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Marmoset, non-human primate, mTOR, rapamycin, longevity, resilience


Traditional animal models have been used to make seminal discoveries in biomedical research including a better understanding of the biology of the aging process. However, translation of these findings from laboratory to clinical populations has likely been hindered due to fundamental biological and physiological differences between common laboratory animals and humans. Non-human primates (NHP) may serve as an effective bridge towards translation, and short-lived NHP like the common marmoset offer many advantages as models for aging research. Here, we address these advantages and discuss what is currently understood about the changes in physiology and pathology that occur with age in the marmoset. In addition, we discuss how aging research might best utilize this model resource, and outline an ongoing study to address whether pharmaceutical intervention can slow aging in the marmoset. With this manuscript, we clarify how common marmosets might assist researchers in geroscience as a potential model for pre-clinical translation.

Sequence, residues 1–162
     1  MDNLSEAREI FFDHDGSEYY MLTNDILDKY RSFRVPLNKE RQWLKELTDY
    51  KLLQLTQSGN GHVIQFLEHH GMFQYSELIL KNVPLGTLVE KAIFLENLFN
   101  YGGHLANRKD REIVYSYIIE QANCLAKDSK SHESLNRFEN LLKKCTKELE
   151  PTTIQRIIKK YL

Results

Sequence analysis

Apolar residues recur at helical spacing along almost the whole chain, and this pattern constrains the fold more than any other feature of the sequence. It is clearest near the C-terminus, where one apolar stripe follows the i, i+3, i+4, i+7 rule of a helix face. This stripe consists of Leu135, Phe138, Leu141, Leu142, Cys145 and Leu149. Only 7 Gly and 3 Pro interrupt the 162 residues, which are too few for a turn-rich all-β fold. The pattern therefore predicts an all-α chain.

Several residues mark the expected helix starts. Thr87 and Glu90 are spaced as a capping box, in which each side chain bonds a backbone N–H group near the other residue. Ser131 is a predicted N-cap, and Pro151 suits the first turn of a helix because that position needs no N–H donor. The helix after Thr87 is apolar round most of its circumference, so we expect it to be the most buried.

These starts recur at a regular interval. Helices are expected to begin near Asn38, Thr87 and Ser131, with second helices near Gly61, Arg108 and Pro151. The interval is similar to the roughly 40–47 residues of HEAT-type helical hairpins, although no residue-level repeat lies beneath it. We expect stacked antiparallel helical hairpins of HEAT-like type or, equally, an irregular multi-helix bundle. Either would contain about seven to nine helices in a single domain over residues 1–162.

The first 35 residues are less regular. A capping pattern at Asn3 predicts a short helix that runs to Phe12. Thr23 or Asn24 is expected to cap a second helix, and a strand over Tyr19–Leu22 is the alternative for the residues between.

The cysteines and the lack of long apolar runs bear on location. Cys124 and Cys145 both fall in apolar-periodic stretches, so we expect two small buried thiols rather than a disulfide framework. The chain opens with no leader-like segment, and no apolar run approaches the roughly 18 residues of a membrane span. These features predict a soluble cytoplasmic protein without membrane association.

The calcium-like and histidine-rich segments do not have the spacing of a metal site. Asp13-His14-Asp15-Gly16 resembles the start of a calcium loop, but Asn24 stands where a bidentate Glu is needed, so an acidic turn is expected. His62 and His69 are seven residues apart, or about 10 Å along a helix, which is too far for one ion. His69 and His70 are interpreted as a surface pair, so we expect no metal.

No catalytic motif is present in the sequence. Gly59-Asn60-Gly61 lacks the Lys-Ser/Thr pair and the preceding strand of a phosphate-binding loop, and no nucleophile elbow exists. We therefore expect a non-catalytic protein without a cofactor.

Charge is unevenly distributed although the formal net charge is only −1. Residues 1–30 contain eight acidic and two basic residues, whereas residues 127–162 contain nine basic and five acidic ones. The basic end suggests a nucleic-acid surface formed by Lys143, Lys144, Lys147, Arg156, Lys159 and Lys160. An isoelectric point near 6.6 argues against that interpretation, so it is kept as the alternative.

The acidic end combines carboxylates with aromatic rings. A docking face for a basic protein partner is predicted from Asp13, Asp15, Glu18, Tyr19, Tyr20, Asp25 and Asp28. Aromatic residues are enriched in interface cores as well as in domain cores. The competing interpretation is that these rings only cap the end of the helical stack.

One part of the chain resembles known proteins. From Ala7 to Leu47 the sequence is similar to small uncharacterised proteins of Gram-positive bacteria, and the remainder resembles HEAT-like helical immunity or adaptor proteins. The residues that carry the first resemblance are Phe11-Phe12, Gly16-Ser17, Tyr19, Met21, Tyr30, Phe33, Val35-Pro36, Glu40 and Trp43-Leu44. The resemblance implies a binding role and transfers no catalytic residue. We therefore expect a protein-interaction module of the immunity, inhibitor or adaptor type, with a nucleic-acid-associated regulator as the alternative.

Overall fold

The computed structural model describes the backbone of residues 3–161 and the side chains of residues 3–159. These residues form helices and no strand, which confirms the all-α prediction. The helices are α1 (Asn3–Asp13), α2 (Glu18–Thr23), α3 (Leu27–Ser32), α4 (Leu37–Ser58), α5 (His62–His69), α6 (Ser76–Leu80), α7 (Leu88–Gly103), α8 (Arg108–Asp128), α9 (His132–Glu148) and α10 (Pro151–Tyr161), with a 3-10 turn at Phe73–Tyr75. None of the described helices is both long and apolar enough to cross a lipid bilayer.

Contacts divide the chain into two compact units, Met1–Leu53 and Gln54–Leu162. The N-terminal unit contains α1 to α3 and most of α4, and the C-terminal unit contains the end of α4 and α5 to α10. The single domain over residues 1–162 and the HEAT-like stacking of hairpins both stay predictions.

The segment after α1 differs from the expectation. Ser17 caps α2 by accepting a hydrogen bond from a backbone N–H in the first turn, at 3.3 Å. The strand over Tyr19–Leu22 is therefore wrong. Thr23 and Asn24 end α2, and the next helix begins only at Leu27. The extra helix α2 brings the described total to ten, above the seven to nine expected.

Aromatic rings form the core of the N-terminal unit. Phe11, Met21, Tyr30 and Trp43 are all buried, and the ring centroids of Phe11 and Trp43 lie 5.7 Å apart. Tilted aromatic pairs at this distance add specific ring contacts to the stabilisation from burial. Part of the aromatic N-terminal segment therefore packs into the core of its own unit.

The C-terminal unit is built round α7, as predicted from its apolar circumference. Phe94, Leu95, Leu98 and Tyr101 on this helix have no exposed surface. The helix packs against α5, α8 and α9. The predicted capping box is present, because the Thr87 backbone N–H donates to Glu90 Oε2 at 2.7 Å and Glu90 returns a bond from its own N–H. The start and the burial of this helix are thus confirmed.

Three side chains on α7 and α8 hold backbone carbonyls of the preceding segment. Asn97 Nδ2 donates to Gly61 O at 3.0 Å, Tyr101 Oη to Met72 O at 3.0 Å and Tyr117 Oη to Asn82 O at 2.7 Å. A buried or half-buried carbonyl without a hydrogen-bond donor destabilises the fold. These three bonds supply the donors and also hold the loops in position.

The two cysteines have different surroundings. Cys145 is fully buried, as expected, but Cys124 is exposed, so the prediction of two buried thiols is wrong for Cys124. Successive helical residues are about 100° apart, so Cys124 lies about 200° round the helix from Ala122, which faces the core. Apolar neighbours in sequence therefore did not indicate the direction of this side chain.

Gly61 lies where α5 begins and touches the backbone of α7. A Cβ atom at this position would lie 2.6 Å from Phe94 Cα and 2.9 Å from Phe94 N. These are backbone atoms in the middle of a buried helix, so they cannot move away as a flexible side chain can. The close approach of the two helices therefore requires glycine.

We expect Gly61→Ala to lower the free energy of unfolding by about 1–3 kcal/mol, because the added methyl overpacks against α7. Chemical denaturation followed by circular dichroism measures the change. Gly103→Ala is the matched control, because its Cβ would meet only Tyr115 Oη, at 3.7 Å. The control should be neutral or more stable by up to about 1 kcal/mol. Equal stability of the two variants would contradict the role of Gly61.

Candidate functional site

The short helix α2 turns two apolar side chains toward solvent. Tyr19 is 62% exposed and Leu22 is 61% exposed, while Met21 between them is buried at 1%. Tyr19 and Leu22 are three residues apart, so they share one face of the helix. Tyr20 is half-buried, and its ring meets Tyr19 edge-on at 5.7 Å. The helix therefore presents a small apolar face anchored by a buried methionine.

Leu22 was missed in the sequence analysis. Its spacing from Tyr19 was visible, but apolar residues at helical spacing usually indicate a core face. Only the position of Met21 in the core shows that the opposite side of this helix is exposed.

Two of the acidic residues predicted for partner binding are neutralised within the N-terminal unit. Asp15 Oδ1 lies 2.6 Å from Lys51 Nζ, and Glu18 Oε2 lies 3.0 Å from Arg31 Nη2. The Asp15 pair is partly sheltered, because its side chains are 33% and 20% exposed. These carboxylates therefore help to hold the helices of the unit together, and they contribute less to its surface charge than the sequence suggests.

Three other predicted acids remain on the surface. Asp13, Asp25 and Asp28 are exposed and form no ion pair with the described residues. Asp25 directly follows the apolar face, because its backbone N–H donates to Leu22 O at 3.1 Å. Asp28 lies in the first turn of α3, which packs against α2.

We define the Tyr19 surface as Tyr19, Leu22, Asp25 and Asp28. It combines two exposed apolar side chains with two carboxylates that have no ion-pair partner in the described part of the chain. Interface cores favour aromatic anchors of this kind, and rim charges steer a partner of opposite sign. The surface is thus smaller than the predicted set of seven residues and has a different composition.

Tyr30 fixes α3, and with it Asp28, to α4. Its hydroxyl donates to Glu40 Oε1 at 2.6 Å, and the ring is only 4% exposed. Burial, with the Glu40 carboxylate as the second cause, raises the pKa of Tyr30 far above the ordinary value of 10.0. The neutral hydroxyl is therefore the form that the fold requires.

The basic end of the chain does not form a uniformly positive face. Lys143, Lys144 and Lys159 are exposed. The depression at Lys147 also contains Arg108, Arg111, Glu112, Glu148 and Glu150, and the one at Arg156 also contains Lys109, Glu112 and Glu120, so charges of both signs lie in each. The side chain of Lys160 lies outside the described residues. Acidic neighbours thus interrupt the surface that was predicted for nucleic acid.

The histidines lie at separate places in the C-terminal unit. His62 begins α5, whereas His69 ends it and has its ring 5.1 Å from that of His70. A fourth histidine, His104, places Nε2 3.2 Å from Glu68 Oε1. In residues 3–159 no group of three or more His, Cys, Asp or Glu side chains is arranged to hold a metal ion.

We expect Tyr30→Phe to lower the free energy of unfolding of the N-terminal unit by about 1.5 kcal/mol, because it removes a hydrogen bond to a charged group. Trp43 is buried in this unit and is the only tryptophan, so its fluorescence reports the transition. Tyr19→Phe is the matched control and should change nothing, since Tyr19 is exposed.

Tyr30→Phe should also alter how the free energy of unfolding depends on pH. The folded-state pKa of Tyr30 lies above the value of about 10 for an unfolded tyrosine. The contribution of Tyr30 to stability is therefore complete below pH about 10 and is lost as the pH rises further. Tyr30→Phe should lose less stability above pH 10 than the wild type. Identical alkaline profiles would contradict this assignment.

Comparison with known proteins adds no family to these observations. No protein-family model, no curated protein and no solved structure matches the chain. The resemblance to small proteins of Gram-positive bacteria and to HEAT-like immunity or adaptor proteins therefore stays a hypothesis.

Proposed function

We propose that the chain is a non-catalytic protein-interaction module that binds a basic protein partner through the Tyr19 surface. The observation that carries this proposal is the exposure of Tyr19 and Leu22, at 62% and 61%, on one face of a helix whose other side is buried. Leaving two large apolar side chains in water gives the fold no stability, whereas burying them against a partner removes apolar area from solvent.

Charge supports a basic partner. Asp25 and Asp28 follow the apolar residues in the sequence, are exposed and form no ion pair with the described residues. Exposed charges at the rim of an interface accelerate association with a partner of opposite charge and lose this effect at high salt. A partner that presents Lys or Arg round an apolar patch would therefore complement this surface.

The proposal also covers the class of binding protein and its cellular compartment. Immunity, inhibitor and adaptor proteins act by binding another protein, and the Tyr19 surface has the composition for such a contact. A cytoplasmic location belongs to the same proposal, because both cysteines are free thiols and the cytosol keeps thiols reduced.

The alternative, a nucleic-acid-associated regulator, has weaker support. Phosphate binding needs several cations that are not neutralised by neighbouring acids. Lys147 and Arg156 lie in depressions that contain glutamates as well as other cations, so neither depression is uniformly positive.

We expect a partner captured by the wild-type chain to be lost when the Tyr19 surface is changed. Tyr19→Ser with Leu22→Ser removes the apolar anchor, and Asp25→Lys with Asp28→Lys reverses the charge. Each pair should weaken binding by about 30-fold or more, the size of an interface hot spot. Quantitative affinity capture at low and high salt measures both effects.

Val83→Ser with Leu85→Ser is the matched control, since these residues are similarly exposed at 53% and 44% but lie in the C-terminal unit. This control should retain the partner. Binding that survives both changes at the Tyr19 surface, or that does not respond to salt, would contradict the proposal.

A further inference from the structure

This version is a preprint. Please check the DOI 10.3233/NHA-180046 for the final version when released.

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